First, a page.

D'Pergo Vintage Limited

Discussion in 'The Small Company Luthiers' started by Gilky, Dec 15, 2017.


  1. jads57

    jads57 Supporting Member

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    Maybe I should put the query in a different way? What do D'Pergo owners feel seperates their guitars from other High End Boutique Strats & Teles?
     
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  2. Gilky

    Gilky Gold Supporting Member

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    Excellent question. Like most people interested in these kind of guitars, I did a lot of research and was continually impressed with the attention to detail I saw. I probably don't need to tell anyone here that the instruments look beautiful, the fit and finish is always utterly impeccable, but I pay attention to a lot of the little details too like the string spacing. There's nothing I hate more than seeing a sliver of fretboard on the edge of the high e and then an acre next to the low e. The rolled fretboard edges are the nicest I've seen and most comfortable I've felt. The fret dressing is the best I've ever seen, particularly the Signature fret dressing with balled fret ends.

    Another thing is Stefan's neck carve. I have always been curious about offset neck carves, seems to make sense. After getting to spend a month or so with Ben's it works really well for me. I don't know of anyone else doing that type of carve on S type guitars. The D'Pergo necks also always look fantastic to me, beautifully carved (whether a C or a V or a U) and a satin finish that looks like a pleasure to play, Ben's is.

    One more thing was the bridge pickup. I should say, with Strats I really spend most of the time on the neck or neck and middle position. The bridge pickup in Ben's Vintage Ltd is the best individual single coil pickup I have ever heard. Not shrill at all, smooth and had all the best qualities of a single coil and a bucker all at the same time. No idea what kind of magic was in there, but it was just incredible sounding.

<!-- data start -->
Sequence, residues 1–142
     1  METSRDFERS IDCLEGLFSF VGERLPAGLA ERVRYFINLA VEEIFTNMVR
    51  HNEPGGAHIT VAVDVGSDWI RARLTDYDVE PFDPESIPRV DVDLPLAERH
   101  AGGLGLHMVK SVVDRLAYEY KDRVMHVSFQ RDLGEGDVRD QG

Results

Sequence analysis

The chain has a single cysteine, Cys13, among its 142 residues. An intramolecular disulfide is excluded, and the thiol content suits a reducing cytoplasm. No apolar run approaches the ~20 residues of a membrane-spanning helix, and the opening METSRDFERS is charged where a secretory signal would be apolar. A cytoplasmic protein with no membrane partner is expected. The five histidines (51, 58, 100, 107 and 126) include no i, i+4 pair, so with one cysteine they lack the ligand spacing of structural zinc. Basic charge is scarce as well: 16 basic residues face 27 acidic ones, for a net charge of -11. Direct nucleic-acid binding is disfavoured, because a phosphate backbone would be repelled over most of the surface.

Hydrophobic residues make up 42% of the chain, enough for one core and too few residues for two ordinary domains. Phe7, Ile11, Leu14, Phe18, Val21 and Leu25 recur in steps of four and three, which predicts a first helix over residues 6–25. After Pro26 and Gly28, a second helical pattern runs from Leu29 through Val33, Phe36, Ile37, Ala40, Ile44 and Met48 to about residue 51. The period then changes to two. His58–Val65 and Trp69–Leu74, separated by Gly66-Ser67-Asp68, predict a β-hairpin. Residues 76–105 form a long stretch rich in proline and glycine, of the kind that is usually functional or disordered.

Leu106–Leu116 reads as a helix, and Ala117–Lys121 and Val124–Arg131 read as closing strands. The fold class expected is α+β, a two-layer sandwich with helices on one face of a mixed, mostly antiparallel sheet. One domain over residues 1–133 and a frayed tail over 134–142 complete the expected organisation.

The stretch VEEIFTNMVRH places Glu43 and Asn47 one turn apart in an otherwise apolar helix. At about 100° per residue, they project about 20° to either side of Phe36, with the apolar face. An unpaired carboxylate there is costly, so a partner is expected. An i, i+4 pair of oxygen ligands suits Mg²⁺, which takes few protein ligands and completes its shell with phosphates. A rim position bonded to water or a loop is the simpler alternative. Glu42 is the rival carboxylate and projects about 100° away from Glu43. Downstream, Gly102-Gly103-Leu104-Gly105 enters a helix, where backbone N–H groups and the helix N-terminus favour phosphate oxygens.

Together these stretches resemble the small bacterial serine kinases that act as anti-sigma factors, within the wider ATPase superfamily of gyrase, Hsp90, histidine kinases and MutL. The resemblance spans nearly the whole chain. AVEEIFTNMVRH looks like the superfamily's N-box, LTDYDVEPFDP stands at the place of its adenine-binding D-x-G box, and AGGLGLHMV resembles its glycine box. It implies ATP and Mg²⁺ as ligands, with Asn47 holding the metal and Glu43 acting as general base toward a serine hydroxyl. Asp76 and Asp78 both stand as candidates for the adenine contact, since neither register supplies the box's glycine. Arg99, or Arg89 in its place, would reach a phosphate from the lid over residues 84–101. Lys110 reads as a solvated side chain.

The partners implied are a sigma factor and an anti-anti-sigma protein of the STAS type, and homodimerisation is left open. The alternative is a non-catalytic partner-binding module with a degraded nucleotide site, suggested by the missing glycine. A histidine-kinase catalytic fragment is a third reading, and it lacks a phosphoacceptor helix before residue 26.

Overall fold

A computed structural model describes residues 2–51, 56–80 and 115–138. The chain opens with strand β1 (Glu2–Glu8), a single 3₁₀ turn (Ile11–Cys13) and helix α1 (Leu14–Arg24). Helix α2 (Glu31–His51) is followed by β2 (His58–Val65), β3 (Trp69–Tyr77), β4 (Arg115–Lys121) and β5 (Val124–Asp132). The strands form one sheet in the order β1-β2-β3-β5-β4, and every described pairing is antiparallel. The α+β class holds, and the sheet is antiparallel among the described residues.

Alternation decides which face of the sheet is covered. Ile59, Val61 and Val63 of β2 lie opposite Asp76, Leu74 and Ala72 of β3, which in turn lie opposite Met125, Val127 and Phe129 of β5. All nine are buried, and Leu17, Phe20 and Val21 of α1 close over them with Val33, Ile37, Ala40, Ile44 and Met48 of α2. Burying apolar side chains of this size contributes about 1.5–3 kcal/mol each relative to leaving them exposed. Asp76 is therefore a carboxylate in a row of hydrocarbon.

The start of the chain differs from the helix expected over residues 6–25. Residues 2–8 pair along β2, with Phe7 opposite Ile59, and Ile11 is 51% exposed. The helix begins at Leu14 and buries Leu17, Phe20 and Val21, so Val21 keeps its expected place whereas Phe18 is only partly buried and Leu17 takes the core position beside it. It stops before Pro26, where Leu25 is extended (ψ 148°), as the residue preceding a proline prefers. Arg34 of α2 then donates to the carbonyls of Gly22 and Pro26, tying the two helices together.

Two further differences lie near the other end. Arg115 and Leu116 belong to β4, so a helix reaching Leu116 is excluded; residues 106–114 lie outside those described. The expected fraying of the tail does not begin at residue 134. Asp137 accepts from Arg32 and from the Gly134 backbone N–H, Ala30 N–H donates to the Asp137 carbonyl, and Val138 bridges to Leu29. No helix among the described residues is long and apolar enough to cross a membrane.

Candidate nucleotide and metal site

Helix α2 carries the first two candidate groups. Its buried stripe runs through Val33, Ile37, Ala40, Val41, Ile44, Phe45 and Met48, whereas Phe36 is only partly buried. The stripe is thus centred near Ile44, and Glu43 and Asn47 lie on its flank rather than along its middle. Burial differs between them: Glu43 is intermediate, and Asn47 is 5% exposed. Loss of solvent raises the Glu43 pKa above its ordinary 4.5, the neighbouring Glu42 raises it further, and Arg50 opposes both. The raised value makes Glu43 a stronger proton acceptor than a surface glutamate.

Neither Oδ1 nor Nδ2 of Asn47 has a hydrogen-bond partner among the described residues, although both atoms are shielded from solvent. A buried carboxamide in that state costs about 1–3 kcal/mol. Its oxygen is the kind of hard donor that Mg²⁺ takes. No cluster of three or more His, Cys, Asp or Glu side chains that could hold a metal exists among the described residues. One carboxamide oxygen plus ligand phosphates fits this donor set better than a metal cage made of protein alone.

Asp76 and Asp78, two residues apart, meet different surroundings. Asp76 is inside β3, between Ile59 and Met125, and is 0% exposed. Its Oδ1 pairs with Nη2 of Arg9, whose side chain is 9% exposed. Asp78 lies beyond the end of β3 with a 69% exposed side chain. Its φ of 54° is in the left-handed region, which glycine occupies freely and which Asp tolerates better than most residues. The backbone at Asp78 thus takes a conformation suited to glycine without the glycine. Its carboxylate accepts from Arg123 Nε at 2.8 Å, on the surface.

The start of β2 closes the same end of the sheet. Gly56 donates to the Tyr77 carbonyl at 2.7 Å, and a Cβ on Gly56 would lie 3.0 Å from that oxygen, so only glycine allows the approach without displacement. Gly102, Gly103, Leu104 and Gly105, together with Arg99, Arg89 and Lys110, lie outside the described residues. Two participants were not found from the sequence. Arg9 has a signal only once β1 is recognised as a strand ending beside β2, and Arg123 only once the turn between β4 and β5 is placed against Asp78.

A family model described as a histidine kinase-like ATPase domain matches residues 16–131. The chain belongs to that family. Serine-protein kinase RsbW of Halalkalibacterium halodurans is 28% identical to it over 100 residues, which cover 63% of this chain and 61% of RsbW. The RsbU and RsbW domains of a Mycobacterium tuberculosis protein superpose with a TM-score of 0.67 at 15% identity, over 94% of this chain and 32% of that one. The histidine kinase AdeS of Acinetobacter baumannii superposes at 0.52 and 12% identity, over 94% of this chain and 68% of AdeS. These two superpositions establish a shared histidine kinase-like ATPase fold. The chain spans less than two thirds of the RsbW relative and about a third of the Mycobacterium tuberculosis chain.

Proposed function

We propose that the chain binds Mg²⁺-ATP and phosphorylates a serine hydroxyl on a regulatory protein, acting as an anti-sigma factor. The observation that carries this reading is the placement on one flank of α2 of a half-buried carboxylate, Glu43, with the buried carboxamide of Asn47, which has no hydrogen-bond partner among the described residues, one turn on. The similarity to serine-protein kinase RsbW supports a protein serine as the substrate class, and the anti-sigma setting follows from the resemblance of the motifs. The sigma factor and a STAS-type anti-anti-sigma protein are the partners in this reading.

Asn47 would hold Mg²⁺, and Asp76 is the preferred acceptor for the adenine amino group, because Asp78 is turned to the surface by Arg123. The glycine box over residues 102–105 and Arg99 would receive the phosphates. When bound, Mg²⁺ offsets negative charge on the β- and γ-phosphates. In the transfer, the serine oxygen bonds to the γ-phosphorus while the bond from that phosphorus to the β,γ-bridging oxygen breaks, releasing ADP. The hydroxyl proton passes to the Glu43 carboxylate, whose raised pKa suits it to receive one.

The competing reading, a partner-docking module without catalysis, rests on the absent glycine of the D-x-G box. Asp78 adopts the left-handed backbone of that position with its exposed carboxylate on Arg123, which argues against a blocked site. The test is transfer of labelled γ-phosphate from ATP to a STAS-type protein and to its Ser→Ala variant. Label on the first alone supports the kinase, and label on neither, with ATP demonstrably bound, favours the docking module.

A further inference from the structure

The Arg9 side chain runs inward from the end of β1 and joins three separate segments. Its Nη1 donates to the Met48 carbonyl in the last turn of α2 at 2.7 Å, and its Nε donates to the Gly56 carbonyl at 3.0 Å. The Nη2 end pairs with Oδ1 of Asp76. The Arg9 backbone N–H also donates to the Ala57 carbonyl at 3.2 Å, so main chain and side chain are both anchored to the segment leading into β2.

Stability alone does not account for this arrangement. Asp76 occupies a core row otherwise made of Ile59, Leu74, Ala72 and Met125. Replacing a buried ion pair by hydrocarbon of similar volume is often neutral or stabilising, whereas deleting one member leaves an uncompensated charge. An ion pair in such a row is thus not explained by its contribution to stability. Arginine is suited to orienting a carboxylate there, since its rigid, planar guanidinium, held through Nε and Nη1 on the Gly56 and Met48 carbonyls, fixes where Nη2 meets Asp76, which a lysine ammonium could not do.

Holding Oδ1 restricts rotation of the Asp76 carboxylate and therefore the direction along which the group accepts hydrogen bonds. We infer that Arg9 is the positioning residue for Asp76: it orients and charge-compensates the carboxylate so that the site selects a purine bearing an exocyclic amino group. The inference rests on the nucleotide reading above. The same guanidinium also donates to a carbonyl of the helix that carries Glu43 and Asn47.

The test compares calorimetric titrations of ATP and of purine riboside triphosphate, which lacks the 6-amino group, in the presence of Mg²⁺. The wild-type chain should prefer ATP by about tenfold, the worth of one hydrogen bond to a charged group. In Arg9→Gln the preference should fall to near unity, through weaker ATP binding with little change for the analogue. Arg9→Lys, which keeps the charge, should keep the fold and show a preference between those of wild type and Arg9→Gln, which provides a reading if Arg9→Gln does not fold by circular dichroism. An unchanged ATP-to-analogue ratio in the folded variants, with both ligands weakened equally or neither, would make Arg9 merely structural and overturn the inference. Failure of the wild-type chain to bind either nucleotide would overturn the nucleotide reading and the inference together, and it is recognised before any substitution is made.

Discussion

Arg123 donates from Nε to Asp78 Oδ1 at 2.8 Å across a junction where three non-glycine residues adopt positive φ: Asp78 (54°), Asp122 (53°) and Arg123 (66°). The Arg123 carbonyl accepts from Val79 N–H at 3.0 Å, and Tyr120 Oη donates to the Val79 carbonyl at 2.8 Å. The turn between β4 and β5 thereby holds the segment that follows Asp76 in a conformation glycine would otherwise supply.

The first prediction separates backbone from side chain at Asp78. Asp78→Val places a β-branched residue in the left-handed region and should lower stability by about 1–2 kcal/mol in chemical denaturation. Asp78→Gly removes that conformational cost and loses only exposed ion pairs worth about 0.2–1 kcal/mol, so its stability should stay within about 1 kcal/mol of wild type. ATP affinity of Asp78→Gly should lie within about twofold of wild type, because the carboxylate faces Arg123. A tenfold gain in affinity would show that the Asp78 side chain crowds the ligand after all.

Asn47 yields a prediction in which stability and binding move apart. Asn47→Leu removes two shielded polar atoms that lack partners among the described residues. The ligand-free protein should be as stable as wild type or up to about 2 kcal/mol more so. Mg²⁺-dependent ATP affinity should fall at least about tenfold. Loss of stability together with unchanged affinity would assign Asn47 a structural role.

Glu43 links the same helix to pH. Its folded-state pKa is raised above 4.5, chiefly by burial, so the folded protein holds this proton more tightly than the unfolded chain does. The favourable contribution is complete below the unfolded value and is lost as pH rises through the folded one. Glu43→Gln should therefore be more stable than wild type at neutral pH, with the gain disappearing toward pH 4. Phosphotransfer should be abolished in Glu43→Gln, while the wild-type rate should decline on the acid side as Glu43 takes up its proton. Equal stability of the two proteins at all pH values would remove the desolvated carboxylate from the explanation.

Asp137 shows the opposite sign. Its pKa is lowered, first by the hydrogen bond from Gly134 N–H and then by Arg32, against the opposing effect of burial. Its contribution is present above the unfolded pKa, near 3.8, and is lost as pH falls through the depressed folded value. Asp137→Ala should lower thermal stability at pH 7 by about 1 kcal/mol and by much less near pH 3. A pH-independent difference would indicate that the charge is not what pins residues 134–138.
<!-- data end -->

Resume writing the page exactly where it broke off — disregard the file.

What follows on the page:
So for me, it was the attention to detail, fit and finish, unique neck carves and most importantly the actual tones, sound and feel of the guitars that sold me on them.
     
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  3. jads57

    jads57 Supporting Member

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    So I'm assuming that you played other high end guitars i.e. James Tyler, De Temple, Hahn, etc.? Did you talk to any luthiers about options and if they were available, if so how much upcharge? I guess finally did you feel the D'Pergo's differences were worth the difference in price, as opposed to other highend offerings?

    Thanks!
     
  4. Gilky

    Gilky Gold Supporting Member

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    I have owned Fender Custom Shops, Masterbuilts, Team Builts, DeTemple, and others. I have played virtually all of the names in the Strat and Tele type market. I currently own Glendale and Gil Yaron F type guitars, they aren't going anywhere.

    Well, I don't think they can get D'Pergo pickups or would even want to, most don't do offset carves, the body contours are unique to D'Pergos and the fret dressing and fit and finish are unique to each builder.

    Well, I'll be getting mine this Spring, so I guess I'll have a better answer then but I'm confident. Also, go to eBay and search for Fender Masterbuilt, you will find dozens of strats over 10K and tons more in the 8-10K range.
     
    Last edited: Dec 30, 2017
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  5. jads57

    jads57 Supporting Member

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    Thank You for the detailed explanation! Any others are welcome to chime in as well, especially D'pergo players past and current!
     
  6. 57gold

    57gold Silver Supporting Member

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    Just find one to play...only way you'll get it or not. No one will or could convince you with a "detailed explanation". And, if you'd never spend $7+K (best used price I have seen on a recent D'P) on a Strat-styled guitar, you are wasting your time.